Tuesday, August 14, 2007

semper fi?

Players come and go; I understand that. But how does one of the Faithful remain so through the shock of a change of manager? Man U is Man U, be it Eric Cantona or Pout-Faced Ronaldo up front, but when Fergie leaves, that'll be a whole new ball game.

I'm thinking, as always, of the Hammers. Having been football-starved for the better part of a year and plunged back in (to the tune of fifty plus bucks a month) thanks to the kindly folks at Fox Soccer Channel, I find myself in the odd position of watching Alan Curbishley's Irons. Suddenly, I am Katharine Ross as wives around her become Stepford or Kevin McCarthy while body-snatchers invade. Someone has dismantled my team in the dead of night and built an exact and insidious replica in its place, and I have an eerie foreboding as I watch. I am waiting for the mask to slip and reveal some of David Icke's lizard-men.

For starters, seeing West Ham play without Etherington and Konchesky I found wincingly uncomfortable, like watching some fellow without a skeletal structure lurch bonelessly around the pitch. Curbishley tossed "Gamblin' Fool" Etherington in at the half and I breathed more easily; now, at least, they had snapped on a collarbone. I do not resent the passing-on-to-questionable-pastures of so many of last year's A-team. It's an expected and chilling repercussion of managerial usurpation. Reo-Coker and Harewood, even Benayoun I release with blessings. I am troubled, however, by the ease with which I was glamoured into high hopes by the flash and glitz of Ljungberg and Ashton and Neill, all of whom have yet to prove themselves after a singularly unimpressive opening match. Neill, in fact, seems to have thrown his hat into the ring to inherit the Harry Kewell Perpetually-Off-Pitch-With-Some-Vague-Injury crown (what is up with the delicate Aussies these days?), and Craig Bellamy wheels his snappy-but-mostly-useless act into town, fresh from the green grasses of Anfield.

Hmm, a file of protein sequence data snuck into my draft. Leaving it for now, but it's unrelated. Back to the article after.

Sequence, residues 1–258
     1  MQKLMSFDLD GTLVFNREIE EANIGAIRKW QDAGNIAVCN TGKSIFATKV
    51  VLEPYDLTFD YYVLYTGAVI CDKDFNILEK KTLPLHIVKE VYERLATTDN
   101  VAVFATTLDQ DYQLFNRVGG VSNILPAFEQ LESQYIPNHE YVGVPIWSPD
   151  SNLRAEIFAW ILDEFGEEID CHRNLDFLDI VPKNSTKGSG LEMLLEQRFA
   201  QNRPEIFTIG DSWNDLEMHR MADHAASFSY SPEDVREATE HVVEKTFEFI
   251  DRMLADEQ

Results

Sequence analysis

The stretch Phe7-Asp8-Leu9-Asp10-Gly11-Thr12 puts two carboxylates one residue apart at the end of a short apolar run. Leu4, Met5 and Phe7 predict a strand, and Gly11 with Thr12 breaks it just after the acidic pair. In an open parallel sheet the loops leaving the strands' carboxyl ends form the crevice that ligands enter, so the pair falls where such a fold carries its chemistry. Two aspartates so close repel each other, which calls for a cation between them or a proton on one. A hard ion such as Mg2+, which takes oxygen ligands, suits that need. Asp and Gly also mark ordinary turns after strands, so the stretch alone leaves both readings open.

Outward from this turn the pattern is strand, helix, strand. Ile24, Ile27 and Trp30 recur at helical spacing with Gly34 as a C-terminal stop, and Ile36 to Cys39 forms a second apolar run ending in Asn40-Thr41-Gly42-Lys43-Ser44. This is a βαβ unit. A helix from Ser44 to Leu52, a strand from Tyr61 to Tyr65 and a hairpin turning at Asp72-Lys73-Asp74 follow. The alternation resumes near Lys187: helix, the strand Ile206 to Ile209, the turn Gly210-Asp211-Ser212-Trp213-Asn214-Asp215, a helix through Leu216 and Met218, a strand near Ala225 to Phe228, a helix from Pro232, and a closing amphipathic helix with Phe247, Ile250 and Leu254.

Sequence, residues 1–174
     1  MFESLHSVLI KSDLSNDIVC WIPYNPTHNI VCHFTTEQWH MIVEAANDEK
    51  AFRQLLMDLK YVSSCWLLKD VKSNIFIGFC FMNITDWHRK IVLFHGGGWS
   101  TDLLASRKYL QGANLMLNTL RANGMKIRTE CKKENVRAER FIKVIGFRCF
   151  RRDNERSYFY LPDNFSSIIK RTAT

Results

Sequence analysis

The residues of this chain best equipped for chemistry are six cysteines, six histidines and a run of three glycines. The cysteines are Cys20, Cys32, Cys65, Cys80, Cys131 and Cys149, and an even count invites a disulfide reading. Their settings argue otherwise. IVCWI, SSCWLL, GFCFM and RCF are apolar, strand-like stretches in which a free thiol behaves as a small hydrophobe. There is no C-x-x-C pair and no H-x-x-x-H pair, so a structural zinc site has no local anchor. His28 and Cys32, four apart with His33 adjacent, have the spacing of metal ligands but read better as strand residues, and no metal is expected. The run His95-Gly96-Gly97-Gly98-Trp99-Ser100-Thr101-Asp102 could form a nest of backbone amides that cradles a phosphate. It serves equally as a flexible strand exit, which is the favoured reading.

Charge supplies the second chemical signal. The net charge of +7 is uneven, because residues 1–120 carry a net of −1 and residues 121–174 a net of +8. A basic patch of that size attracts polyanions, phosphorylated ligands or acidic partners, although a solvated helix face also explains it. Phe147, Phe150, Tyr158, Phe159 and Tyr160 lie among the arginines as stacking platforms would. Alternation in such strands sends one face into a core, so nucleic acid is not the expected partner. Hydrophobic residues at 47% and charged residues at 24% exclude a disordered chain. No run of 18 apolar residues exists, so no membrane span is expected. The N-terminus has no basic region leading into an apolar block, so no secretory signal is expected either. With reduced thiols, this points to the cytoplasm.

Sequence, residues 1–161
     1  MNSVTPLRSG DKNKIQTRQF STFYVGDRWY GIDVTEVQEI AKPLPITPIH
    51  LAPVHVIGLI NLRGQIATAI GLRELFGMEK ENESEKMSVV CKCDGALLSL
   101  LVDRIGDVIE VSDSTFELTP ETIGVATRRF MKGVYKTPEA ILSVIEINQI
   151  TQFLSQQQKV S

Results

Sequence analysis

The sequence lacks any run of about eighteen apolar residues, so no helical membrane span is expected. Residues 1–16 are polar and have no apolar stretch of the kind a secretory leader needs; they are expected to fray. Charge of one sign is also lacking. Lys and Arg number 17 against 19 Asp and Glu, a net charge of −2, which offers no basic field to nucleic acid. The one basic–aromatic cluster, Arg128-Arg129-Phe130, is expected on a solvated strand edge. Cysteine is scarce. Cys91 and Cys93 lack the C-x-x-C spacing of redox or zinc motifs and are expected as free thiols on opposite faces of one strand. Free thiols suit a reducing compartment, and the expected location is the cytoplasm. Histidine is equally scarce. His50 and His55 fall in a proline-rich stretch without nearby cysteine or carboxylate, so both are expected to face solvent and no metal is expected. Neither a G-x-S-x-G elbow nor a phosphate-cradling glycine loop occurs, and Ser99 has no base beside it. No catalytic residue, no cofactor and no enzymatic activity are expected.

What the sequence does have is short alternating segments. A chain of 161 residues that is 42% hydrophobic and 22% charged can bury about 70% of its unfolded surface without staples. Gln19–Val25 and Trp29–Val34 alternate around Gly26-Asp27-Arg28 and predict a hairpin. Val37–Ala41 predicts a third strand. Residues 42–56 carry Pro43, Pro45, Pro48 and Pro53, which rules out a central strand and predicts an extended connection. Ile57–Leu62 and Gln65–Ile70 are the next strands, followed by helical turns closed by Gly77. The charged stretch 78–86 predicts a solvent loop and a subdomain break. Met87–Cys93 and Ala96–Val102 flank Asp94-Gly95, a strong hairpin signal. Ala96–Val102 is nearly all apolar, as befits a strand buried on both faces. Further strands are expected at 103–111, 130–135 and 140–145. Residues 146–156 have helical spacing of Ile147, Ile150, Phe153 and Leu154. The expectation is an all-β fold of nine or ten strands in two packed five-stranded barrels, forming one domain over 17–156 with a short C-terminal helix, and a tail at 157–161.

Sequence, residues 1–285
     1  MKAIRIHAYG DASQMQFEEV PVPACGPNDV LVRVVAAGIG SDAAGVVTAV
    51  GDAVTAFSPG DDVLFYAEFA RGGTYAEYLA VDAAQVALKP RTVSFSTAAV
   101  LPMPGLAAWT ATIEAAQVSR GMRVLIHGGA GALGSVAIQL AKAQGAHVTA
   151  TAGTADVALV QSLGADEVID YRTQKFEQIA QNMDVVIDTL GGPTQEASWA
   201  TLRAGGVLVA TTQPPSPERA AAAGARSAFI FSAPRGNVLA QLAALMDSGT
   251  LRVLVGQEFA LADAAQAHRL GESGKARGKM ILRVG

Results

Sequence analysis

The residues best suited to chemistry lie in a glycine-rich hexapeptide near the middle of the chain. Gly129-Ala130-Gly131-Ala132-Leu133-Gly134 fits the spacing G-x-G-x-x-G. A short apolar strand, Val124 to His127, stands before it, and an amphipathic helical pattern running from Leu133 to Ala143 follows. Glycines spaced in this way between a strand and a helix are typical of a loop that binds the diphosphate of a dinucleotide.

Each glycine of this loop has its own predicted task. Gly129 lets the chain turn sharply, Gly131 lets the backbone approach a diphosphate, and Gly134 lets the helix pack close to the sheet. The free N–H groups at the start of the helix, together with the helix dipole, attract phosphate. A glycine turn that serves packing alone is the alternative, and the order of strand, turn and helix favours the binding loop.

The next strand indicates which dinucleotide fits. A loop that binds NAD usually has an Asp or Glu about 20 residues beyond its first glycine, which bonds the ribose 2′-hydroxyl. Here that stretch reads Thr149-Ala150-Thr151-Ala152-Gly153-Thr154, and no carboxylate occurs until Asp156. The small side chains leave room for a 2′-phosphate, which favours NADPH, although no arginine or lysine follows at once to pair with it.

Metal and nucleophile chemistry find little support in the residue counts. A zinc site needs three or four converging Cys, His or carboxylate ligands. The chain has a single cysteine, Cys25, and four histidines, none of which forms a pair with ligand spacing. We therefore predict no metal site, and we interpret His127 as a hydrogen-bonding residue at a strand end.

Then there's Bobby Zamora: a lizard-man, unquestionably, perhaps even a cartoon lizard-man. I think he is the Polanski character from "Chinatown", that twitchy speed-freak guy itching to explode into violence at every moment, only somehow transported into a studly footballer's body. Watch his neck and shoulders: he's so tense he'll snap in two if a big wind comes up. I often amuse myself by noting how long it takes him to explode in anger at the ref each match. This time, he clocked in under six minutes.

So these are our boys. Curbishley, the alien at the helm, has a strategical sense which at first glance seems random and dubious. His presence on the claret and blue throne throws strange and tramontane shadows across the castle walls. I am no longer on familiar ground. The king may be mad; the players, well, reptilian. Much remains to be seen. In the meantime, do we, the Faithful, remain so out of duty, pride, habit, or fear of change? What are the repercussions of switching allegiance? I have always had one eye fixed on the Liverpudlians, and Roy Keane is making his Black Cats very seductive underdogs indeed. For now, though, the Hammers keep hold of my attention by sheer force of their fascinating perversity.

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